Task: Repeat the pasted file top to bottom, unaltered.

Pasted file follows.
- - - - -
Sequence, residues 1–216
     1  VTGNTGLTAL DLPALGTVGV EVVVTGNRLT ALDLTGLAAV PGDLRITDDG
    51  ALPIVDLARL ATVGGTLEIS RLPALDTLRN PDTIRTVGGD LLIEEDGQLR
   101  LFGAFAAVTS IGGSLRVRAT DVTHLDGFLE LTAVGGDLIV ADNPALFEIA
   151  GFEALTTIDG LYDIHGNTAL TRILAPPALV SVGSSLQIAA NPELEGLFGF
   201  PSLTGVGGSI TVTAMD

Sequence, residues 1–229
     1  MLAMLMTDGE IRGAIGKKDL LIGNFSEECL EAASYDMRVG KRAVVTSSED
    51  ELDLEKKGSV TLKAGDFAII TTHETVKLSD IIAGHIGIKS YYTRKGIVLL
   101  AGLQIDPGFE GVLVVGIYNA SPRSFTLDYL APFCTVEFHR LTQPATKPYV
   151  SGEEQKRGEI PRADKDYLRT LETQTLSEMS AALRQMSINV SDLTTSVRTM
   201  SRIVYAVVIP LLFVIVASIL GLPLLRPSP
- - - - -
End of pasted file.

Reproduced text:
Sequence, residues 1–216
     1  VTGNTGLTAL DLPALGTVGV EVVVTGNRLT ALDLTGLAAV PGDLRITDDG
    51  ALPIVDLARL ATVGGTLEIS RLPALDTLRN PDTIRTVGGD LLIEEDGQLR
   101  LFGAFAAVTS IGGSLRVRAT DVTHLDGFLE LTAVGGDLIV ADNPALFEIA
   151  GFEALTTIDG LYDIHGNTAL TRILAPPALV SVGSSLQIAA NPELEGLFGF
   201  PSLTGVGGSI TVTAMD

Sequence, residues 1–229
     1  MLAMLMTDGE IRGAIGKKDL LIGNFSEECL EAASYDMRVG KRAVVTSSED
    51  ELDLEKKGSV TLKAGDFAII TTHETVKLSD IIAGHIGIKS YYTRKGIVLL
   101  AGLQIDPGFE GVLVVGIYNA SPRSFTLDYL APFCTVEFHR LTQPATKPYV
   151  SGEEQKRGEI PRADKDYLRT LETQTLSEMS AALRQMSINV SDLTTSVRTM
   201  SRIVYAVVIP LLFVIVASIL GLPLLRPSP